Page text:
It would have been an exciting week for hydro-power experts with the government saying that as of March 2023, the hydro-power debt stood at Nu 167.74bn, constituting 69.6% of the total external debt and 82.8% of the FY 2022-23 GDP estimate. Adding to it is the amount of hydro-power we have had to import from India this year; from January till April 2023, Bhutan imported 367.17 Mega Units (mu) and the total cost incurred was Nu 1.725 billion, inclusive of transmission losses, charges, fees and trading margin.
Hydro-power was and is essential and Bhutan’s foray into hydro-power began with Indian assistance. The cooperation can be dated to 1961, when the Jaldhaka agreement was signed. Situated on the Indian side of the Indo-Bhutan border in West Bengal, the major part of power produced at Jaldhaka hydro-power plant was exported to southern Bhutan.
A landmark development in Indo-Bhutan hydro-relations was the commissioning of the 336 MW Chukha Hydro-power Project (CHP) in 1987. Bhutan’s first mega power project, it was constructed with 60 percent grant and 40 percent loan at the interest rate of 5 percent payable over a period of 15 years after commissioning. After that came several projects, including the controversial 1,200 MW Punatsangchhu I and 1,020 MW Punatsangchhu II projects, which policy makers say have been delayed “after encountering poor geological conditions.” It has been debated in the Parliament, but nothing concrete has come out from the discussions. We are now told that Punatsangchhu II would be commissioned soon.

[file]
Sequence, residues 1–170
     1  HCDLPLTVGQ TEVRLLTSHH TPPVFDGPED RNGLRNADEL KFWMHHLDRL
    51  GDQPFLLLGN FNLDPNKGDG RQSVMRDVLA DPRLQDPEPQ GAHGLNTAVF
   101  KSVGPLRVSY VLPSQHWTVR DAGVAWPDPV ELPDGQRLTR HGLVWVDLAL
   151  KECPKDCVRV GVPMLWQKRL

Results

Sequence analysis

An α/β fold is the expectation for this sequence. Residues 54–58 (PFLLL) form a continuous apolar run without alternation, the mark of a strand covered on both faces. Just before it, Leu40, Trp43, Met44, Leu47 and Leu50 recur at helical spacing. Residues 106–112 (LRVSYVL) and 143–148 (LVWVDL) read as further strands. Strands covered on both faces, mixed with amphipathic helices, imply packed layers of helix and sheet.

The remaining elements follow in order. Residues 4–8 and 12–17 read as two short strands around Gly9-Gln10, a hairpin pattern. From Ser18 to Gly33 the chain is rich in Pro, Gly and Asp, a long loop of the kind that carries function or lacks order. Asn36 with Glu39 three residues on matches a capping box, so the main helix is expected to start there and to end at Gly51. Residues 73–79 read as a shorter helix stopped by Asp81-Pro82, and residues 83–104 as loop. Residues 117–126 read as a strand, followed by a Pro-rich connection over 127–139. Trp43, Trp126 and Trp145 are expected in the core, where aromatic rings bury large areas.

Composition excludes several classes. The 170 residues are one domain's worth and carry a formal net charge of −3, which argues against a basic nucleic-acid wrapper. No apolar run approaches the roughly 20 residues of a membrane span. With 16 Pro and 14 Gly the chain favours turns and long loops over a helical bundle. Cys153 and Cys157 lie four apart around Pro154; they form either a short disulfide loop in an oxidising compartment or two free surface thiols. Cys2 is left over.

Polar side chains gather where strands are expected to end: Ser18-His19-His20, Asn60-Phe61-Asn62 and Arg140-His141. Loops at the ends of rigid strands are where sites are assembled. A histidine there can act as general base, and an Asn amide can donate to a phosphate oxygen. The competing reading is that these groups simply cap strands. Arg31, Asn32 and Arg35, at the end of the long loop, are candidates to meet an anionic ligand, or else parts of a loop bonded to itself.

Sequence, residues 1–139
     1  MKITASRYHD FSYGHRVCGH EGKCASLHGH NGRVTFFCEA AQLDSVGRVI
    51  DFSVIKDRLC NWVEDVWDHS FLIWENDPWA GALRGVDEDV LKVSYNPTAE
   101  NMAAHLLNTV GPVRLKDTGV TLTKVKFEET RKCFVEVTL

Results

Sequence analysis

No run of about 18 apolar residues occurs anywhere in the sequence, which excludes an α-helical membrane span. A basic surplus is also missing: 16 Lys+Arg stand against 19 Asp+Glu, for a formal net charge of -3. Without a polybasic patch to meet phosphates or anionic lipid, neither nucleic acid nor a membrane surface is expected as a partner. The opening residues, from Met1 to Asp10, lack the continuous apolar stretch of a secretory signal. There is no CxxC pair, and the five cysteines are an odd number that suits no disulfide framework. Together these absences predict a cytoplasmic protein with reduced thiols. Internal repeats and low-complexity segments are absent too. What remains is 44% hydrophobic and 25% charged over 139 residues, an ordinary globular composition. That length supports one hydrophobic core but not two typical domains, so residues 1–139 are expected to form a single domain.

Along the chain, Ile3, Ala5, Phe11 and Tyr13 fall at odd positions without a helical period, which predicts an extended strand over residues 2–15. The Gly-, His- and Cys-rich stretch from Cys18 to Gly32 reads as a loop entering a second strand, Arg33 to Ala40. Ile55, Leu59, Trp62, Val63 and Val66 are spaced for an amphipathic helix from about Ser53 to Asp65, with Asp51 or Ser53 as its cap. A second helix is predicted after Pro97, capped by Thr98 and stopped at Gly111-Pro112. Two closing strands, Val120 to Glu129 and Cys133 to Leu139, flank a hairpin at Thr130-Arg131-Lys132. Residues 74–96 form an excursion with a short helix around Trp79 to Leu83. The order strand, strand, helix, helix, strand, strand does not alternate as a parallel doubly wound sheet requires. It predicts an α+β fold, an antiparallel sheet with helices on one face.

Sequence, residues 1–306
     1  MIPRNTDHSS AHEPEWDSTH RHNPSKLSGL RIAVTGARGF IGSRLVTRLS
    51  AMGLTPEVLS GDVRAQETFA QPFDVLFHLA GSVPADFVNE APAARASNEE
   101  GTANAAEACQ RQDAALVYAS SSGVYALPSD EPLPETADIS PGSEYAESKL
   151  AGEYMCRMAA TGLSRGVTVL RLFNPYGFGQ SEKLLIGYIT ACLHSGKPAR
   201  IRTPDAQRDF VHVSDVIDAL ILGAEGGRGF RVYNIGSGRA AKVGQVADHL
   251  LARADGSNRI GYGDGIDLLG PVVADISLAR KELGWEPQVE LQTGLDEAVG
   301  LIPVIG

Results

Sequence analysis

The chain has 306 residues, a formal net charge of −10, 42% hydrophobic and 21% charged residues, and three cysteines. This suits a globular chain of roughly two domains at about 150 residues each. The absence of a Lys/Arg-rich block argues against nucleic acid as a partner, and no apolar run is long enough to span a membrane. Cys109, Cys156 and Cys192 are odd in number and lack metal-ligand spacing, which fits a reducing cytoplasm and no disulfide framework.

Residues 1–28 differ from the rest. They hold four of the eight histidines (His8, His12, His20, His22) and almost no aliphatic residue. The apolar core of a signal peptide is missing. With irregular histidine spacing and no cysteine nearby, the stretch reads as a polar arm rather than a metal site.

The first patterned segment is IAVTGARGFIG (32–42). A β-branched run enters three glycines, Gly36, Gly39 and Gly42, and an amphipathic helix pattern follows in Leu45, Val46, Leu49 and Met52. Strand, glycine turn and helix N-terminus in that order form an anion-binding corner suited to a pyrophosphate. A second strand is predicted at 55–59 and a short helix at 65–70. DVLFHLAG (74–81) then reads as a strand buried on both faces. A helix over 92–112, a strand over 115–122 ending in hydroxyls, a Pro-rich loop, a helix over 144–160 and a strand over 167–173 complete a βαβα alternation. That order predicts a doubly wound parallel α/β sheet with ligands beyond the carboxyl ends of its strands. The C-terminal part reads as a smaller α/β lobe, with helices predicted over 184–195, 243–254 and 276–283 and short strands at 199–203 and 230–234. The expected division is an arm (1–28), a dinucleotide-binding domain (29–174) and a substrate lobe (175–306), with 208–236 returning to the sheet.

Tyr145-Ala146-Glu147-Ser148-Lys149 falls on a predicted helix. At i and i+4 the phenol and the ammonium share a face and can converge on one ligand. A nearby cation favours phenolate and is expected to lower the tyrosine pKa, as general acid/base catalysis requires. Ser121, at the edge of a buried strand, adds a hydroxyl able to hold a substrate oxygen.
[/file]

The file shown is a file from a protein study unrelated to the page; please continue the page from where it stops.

However, what we should not forget is the benefits accrued from hydro-power. Today, 100 percent of Bhutanese homes have access to electricity and the economic and social benefits cannot be even quantified, for it is massive, especially on the social front. Neither can we deny that nothing, starting from charging our phones can be done without energy. Additionally, hydro-power was Bhutan’s “Good Samaritan” when the Covid 19 pandemic hit us. And if we go back, what did Bhutan have except for hydro-power?
On concerns expressed about the increase in power imported, we should also think what makes Bhutan import during the lean seasons. And the actors here range from a household in the capital, who keep all their rooms warmed during winter to the scores of industries that have come up in the industrial areas and other regions. The heaters are on; it does not matter if there is anyone at home or not.
Further, a country’s energy need rises with development. From this lens, we can say that Bhutan has been and is developing.
If we really do not want to hear about Bhutan importing hydro-power, the government or the Druk Green Power Corporation (DGPC) can easily do something, which happens in most countries – load shedding. Imagine the public outcry then!
Energy is important and there should be dialogue about it. We are also dejected that we sell for less and pay more when we buy. Punatsangchhu I is an eyesore. But we should also know that agencies like DGPC are equally concerned and that they are working round the clock, for the people and the country. The number of projects DGPC is involved in says everything.
Let the experts handle what we cannot. If there are any constructive recommendation, we are definite that DGPC will listen to us.